There is an increasing number of reports about the existing solutions for the environmental issues resulting from 20th century industrial design. (I catalogue the ones I find interesting here).
Read with your “opportunity glasses” they can help you spot places to make a difference.
My particular favourite at the moment is Project Drawdown’s analysis and modelling of 80 commercial solutions for reversing global warming. Their first report was published in 2017, followed by an updated in March 2020.
The Drawdown work is particularly useful for entrepreneurial thinkers because because:
- It is about existing, commercial, no-government-required solutions – solutions that have a business case
- It takes a whole-of-economy approach – it isn’t limited to a single sector like electricity or transport
- Each solution (and the key sectors) includes an explanation of the context – so you can extrapolate it into your context
- Their solutions map to 15 of the 17 UN Sustainable Development Goals – so they’re all about “doing well BY doing good”.
The 2020 Drawdown Review includes an online table that you can sort by GHG impact under 2 Scenarios. Sort under the more aggressive scenario and the top 10 are:
- Onshore Wind Turbines
- Utility-Scale Solar Photovoltaics
- Reduced Food Waste
- Plant-Rich Diets
- Health and Education
- Tropical Forest Restoration
- Improved Clean Cookstoves
- Distributed Solar Photovoltaics
- Refrigerant Management
- Alternative Refrigerants
Some of the top 10 are a bit “utility” – but lets explore Food Waste and Solar Photovoltaics.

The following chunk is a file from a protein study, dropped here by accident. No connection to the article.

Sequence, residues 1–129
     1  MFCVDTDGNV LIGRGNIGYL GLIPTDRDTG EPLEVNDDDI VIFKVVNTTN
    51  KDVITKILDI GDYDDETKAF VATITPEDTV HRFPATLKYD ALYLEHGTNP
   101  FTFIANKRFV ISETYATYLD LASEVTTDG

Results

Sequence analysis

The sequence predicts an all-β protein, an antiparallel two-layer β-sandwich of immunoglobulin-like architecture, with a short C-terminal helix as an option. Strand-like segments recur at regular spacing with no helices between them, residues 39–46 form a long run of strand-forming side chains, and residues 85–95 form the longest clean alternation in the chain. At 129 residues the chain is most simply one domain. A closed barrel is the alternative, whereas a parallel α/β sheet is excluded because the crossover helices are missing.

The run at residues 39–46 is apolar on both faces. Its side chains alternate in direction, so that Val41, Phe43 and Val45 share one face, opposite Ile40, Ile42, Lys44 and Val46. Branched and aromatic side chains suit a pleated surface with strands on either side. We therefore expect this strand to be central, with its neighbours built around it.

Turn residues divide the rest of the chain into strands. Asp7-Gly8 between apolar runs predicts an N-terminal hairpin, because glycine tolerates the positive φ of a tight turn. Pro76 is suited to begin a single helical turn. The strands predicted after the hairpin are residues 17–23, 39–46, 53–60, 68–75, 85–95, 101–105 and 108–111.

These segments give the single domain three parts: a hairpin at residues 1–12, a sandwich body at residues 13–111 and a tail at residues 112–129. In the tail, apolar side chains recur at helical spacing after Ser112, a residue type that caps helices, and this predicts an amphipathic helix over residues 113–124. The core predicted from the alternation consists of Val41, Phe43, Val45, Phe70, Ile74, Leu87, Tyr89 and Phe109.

In Melbourne (Australia) uni student Jane developed an app that allows restaurants and supermarkets to list food about to go to waste for local people to buy. Bring Me Home acts a bit like Tinder, connecting food retailers and consumers.
In the US Full Harvest’s online platform connects farmers with bulk product buyers, allowing them to place and take orders for “rescued” fruit and vegetables that are “surplus” or “ugly.”
In sub-Saharan Africa, Youmma offers a small fridge that’s efficient enough to run on a single solar panel, with an enabling a pay-as-you-go system that makes it affordable even for families living on the most limited budgets
Cooperatives like Indigo Power and Enova Energy are leveraging existing market structures and crowd-funded investment to create energy independence, local jobs, local money stays local
Smart engineers are finding ways to deliver more renewable energy into the big grid by doing behind-the-meter voltage management.
Smart financial brains are creating new financing options to get more solar on more rooftops.
Another renewable energy cooperative is creating solar gardens that supply renewable energy to people who can’t install their own solar.
And of course, solar panels don’t only get installed on rooftops – they can be floated on dams and sewage ponds.
Sources and Resources
Watch your social media feeds for sustainability reports. Subscribe to some reliable, informed online news sources. I find great ideas in sources such as: